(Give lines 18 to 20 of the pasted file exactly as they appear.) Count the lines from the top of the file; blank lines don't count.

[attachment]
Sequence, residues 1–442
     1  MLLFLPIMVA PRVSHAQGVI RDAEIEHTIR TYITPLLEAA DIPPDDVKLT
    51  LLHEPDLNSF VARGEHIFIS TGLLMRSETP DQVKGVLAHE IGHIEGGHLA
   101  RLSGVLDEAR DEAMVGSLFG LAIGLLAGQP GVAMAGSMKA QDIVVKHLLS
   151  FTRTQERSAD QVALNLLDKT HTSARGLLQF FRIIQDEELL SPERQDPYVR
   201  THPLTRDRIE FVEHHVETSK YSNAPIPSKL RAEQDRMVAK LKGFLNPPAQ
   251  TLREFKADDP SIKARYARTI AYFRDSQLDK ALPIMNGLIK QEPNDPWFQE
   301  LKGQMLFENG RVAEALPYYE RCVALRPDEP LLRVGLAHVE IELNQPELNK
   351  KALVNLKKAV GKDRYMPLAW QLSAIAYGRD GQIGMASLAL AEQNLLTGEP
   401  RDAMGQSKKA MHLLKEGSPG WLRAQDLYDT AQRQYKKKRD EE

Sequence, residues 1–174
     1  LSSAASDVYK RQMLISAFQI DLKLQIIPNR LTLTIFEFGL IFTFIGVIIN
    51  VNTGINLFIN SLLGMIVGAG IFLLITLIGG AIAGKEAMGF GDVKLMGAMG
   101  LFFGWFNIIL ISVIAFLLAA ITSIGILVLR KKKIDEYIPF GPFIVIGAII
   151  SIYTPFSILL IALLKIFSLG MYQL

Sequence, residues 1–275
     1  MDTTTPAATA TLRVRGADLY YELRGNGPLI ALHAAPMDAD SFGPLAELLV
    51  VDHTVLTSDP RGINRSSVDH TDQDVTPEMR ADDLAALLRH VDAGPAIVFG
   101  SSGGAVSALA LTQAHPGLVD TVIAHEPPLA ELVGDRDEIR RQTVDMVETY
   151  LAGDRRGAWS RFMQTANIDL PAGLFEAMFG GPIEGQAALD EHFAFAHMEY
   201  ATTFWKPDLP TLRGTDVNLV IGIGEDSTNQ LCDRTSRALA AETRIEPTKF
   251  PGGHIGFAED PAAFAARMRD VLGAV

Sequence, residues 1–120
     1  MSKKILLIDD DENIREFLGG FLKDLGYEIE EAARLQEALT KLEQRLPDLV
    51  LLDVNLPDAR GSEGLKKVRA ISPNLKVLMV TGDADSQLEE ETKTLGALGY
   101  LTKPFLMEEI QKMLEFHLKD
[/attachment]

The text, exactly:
    51  VDHTVLTSDP RGINRSSVDH TDQDVTPEMR ADDLAALLRH VDAGPAIVFG
   101  SSGGAVSALA LTQAHPGLVD TVIAHEPPLA ELVGDRDEIR RQTVDMVETY
   151  LAGDRRGAWS RFMQTANIDL PAGLFEAMFG GPIEGQAALD EHFAFAHMEY